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      Culture-Modified Bone Marrow Cells Attenuate Cardiac and Renal Injury in a Chronic Kidney Disease Rat Model via a Novel Antifibrotic Mechanism

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          Most forms of chronic kidney disease are characterized by progressive renal and cardiac fibrosis leading to dysfunction. Preliminary evidence suggests that various bone marrow-derived cell populations have antifibrotic effects. In exploring the therapeutic potential of bone marrow derived cells in chronic cardio-renal disease, we examined the anti-fibrotic effects of bone marrow-derived culture modified cells (CMCs) and stromal cells (SCs).

          Methodology/Principal Findings

          In vitro, CMC-conditioned medium, but not SC-conditioned medium, inhibited fibroblast collagen production and cell signalling in response to transforming growth factor-ß. The antifibrotic effects of CMCs and SCs were then evaluated in the 5/6 nephrectomy model of chronic cardio-renal disease. While intravascular infusion of 10 6 SCs had no effect, 10 6 CMCs reduced renal fibrosis compared to saline in the glomeruli (glomerulosclerosis index: 0.8±0.1 v 1.9±0.2 arbitrary units) and the tubulointersitium (% area type IV collagen: 1.2±0.3 v 8.4±2.0, p<0.05 for both). Similarly, 10 6 CMCs reduced cardiac fibrosis compared to saline (% area stained with picrosirius red: 3.2±0.3 v 5.1±0.4, p<0.05), whereas 10 6 SCs had no effect. Structural changes induced by CMC therapy were accompanied by improved function, as reflected by reductions in plasma creatinine (58±3 v 81±11 µmol/L), urinary protein excretion (9×/÷1 v 64×/÷1 mg/day), and diastolic cardiac stiffness (left ventricular end-diastolic pressure-volume relationship: 0.030±0.003 v 0.058±0.011 mm Hg/µL, p<0.05 for all). Despite substantial improvements in structure and function, only rare CMCs were present in the kidney and heart, whereas abundant CMCs were detected in the liver and spleen.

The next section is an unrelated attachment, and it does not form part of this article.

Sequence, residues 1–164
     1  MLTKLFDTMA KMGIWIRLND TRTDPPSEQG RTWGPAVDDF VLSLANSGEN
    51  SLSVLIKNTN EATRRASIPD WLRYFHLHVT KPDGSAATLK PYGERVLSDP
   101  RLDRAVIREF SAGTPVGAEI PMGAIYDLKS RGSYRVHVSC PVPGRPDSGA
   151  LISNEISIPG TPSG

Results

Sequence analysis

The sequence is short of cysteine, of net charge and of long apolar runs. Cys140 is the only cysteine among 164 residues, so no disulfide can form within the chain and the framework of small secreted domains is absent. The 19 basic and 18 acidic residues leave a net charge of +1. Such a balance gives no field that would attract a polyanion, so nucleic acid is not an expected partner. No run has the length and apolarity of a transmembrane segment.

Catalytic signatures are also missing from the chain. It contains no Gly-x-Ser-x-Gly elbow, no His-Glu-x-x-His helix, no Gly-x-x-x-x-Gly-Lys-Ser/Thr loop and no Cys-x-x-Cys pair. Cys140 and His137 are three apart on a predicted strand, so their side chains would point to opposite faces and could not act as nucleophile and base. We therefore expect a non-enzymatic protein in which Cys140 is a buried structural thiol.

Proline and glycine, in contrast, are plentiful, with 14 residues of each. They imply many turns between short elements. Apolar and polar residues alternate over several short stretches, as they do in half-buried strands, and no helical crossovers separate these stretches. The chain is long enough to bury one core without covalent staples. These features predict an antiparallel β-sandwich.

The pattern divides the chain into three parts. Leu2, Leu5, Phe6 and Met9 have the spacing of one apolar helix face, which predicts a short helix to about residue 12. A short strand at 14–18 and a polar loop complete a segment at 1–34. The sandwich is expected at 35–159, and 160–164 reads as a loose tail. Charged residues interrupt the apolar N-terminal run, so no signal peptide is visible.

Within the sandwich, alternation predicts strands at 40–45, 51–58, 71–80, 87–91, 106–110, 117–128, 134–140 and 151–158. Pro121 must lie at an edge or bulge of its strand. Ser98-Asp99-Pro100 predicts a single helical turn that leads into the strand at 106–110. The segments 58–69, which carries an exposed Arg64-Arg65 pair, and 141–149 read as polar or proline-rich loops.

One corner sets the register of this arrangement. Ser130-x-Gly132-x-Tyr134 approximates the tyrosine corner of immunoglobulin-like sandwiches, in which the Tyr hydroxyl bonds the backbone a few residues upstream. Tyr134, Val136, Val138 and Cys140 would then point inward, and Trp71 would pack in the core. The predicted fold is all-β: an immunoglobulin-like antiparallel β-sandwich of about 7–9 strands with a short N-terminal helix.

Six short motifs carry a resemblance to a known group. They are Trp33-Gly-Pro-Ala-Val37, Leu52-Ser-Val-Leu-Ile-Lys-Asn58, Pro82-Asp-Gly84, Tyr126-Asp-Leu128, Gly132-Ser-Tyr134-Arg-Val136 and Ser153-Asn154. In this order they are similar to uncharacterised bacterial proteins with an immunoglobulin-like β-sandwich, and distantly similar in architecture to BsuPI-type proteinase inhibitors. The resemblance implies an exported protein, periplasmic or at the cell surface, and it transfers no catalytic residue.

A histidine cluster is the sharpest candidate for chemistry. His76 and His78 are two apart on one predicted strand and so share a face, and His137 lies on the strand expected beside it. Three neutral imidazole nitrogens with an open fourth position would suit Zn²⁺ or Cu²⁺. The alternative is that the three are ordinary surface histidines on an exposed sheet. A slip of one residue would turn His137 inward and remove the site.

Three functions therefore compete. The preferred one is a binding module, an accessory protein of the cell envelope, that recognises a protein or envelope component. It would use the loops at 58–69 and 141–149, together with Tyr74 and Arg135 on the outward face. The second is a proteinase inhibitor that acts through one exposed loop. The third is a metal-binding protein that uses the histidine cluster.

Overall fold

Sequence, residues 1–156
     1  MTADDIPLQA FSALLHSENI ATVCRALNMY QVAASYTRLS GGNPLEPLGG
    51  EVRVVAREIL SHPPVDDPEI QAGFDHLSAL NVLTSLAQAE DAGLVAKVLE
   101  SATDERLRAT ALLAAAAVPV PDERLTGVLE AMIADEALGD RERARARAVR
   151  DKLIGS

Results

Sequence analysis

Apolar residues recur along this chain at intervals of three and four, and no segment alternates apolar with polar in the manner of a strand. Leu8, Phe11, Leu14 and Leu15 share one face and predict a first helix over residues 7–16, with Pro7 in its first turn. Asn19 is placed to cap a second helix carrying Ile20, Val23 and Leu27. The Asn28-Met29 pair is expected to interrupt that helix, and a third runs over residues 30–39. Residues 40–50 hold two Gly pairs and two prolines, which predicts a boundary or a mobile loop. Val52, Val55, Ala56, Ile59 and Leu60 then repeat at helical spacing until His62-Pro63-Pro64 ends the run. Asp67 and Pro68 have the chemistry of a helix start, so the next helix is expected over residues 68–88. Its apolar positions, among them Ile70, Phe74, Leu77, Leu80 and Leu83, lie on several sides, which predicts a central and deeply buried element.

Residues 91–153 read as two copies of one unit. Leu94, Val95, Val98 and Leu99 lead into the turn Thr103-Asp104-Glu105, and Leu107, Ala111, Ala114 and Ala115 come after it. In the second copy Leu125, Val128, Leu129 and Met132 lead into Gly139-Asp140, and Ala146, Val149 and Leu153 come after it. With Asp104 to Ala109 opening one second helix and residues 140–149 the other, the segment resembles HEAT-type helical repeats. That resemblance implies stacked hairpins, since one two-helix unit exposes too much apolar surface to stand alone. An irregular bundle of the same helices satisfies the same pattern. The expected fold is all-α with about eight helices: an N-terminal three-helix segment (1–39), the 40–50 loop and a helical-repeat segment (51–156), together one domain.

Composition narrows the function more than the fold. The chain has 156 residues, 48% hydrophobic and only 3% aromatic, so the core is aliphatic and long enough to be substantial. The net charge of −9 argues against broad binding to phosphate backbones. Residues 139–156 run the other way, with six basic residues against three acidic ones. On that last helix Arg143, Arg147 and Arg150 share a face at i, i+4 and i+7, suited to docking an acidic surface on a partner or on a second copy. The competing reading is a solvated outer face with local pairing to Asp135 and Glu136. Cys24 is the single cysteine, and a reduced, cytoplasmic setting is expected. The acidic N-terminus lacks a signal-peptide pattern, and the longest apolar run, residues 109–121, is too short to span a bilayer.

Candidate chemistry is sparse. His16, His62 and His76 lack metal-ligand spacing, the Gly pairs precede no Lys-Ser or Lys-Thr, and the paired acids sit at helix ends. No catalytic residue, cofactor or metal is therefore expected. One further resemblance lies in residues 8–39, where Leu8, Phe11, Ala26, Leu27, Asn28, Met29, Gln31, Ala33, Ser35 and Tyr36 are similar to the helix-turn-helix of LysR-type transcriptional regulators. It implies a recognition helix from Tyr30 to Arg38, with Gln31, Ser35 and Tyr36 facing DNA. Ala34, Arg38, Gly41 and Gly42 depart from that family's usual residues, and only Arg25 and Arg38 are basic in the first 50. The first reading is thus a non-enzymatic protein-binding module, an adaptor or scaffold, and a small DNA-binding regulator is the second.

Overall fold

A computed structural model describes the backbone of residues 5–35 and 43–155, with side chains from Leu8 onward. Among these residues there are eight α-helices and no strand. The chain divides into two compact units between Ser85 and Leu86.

Together, these findings provide the first evidence suggesting that CMCs, but not SCs, exert a protective action in cardio-renal disease and that these effects may be mediated by the secretion of diffusible anti-fibrotic factor(s).

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          Most cited references 44

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          Transforming growth factor beta in tissue fibrosis.

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            Common and unique mechanisms regulate fibrosis in various fibroproliferative diseases.

             Thomas Wynn (2007)
            Fibroproliferative diseases, including the pulmonary fibroses, systemic sclerosis, liver cirrhosis, cardiovascular disease, progressive kidney disease, and macular degeneration, are a leading cause of morbidity and mortality and can affect all tissues and organ systems. Fibrotic tissue remodeling can also influence cancer metastasis and accelerate chronic graft rejection in transplant recipients. Nevertheless, despite its enormous impact on human health, there are currently no approved treatments that directly target the mechanism(s) of fibrosis. The primary goals of this Review series on fibrotic diseases are to discuss some of the major fibroproliferative diseases and to identify the common and unique mechanisms of fibrogenesis that might be exploited in the development of effective antifibrotic therapies.
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              Therapeutic angiogenesis for patients with limb ischaemia by autologous transplantation of bone-marrow cells: a pilot study and a randomised controlled trial.